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In this answer to the question "What would the full hypothetical Mars terraforming roadmap look like ?" there's a link to the article "Zubrin on Terraforming Mars" in Universe Today,
From an interview with Robert Zubrin in that article:

RZ: If one considers the problem of terraforming Mars from the point of view of current technology, the scenario looks like this:

  1. A century to settle Mars and create a substantial local industrial capability and population.
  2. A half century producing fluorocarbon gases (like CF4) to warm the planet by ~10 C.

(Emphasis by me)

Part of the main question is: did he sufficiently take into account the extremely large amount of rock that needs to be excavated and processed to extract the required amount of Fluorine ?

The MSL rover Curiosity detected fluorine containing minerals in Gale crater.

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    $\begingroup$ The Case For Mars is probably the most detailed version that Zubrin has published. $\endgroup$ May 30 at 16:35
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    $\begingroup$ Note that part 2 follows part 1, developing "substantial local industrial capability". So it seems reasonable to assume that he was indeed taking this into account. $\endgroup$
    – Andrew
    May 30 at 17:50
  • $\begingroup$ @Andrew Indeed, thank you. I've added "sufficiently". $\endgroup$
    – Cornelis
    May 30 at 19:45
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I dug out The Case For Mars (1997) and while it gives some very basic outlines of this, it does not go into any great detail. From Chapter 9:

The industrial effort associated with such a power level would be substantial, producing about a trainload of refined material every day and requiring the support of several thousand workers on the Martian surface. Power levels of about 5000 MWe might be needed, which is about as much power as is required today by a large American city such as Chicago. A total project budget of several hundred billion dollars might well be required. Nevertheless, all things considered, such an operation is hardly likely to be beyond the capabilities of the mid-twenty-fist century.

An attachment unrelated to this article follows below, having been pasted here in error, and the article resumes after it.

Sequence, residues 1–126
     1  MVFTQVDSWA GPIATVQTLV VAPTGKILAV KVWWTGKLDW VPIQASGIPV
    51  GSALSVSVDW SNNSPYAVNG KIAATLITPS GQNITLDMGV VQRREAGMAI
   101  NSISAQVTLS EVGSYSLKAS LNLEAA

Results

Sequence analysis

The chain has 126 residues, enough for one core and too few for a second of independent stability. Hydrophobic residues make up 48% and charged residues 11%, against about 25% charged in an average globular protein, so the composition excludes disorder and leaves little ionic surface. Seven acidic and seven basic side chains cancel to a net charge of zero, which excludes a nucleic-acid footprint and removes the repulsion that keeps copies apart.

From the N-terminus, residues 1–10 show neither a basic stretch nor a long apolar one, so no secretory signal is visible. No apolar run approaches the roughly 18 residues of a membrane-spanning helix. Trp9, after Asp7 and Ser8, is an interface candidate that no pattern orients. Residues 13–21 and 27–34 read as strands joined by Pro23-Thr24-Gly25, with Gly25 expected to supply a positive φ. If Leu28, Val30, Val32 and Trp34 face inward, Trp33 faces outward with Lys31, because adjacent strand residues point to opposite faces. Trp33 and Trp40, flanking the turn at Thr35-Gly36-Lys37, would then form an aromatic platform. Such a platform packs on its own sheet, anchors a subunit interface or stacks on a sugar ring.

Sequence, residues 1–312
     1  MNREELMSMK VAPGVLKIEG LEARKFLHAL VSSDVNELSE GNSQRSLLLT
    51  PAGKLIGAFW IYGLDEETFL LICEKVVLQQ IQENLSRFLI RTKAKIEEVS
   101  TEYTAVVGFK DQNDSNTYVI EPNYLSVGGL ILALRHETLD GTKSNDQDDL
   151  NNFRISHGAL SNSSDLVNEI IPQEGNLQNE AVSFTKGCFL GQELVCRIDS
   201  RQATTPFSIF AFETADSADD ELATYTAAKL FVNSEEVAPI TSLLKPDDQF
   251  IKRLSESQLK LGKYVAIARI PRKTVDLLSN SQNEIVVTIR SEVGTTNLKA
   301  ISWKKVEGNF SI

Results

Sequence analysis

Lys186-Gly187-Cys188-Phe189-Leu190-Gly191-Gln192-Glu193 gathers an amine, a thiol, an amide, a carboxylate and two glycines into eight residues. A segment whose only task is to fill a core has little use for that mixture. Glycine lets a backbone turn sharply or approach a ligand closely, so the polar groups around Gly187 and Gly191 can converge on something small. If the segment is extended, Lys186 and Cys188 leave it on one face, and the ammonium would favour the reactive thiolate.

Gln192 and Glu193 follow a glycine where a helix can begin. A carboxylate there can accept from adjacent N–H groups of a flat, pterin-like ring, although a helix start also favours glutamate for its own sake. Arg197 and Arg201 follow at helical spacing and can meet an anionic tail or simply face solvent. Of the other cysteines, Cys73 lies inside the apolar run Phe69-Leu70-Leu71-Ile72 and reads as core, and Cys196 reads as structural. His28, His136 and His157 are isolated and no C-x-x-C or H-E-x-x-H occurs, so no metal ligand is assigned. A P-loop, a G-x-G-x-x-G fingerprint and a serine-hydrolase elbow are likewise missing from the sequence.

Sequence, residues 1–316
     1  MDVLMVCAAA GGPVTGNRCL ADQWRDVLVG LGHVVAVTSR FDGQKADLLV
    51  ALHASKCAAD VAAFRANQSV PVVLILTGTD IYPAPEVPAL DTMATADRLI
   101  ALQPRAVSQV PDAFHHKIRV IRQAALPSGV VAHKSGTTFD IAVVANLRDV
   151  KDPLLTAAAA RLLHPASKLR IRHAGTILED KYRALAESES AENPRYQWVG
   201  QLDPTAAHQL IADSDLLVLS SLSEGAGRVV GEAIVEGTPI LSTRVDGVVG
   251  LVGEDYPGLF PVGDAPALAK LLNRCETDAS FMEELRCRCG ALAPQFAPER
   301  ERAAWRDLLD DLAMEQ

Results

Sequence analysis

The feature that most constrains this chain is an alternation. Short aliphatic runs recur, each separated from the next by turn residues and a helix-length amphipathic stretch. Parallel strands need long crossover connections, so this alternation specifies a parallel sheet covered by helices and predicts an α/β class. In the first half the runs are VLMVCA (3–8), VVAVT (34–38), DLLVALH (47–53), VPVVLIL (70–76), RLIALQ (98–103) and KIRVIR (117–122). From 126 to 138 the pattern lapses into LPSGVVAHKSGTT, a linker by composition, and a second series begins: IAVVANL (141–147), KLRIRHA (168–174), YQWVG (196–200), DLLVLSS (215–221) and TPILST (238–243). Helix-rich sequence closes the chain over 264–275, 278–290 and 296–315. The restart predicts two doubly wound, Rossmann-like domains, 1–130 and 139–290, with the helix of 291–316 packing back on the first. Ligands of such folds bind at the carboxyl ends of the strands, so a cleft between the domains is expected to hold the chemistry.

These calculations in the book are based on producing enough CFCs (probably CF4) to raise the global temperature by around 10K, which he calculates as 0.04 microbar of CFCs, needing about 880 tonnes/hour for twenty years, and an ongoing production rate of about a fifth of that to maintain it once it's built up.

He does not specifically discuss the mining infrastructure needed to get the fluorine, but as it's talking about thousands of workers and city-scale power requirements, it's clear he's aware of how substantial a project it would be.

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    $\begingroup$ Query: When the authors mentions years, is that Earth years or Martian years? There's a big difference. $\endgroup$
    – Fred
    May 31 at 16:07
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    $\begingroup$ @Fred aha, I've just noticed the previous table in this chapter explicitly says "Earth years"; I think we can probably guess that is the time units being used throughout. $\endgroup$
    – Andrew
    May 31 at 18:17
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    $\begingroup$ @Cornelis The model he's using is described in the chapter, but the specific calculation for CFCs isn't given (it's dealt with in about a page, as one of several options). $\endgroup$
    – Andrew
    May 31 at 18:20
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    $\begingroup$ "such an operation is hardly likely to be beyond the capabilities of the mid-twenty-fist century." I just hate handwavium. $\endgroup$
    – RonJohn
    Jun 1 at 4:57
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    $\begingroup$ @Cornelis: CF4 is an aggressive greenhouse gas (much more aggressive than CO2). But to get reasonable estimates of warming you need a proper atmospheric model complete with lapse rates for both temperature & pressure: simple-minded single-layer models don't work, at all. Given known lapse rates it is possible to hand-crank such a calculation as Arrhenius did to get quantatively-OK estimates, or to run a very trivialised computer model. That might be good enough on Mars as there's not much water in the atmosphere. $\endgroup$
    – user21103
    Jun 1 at 9:36

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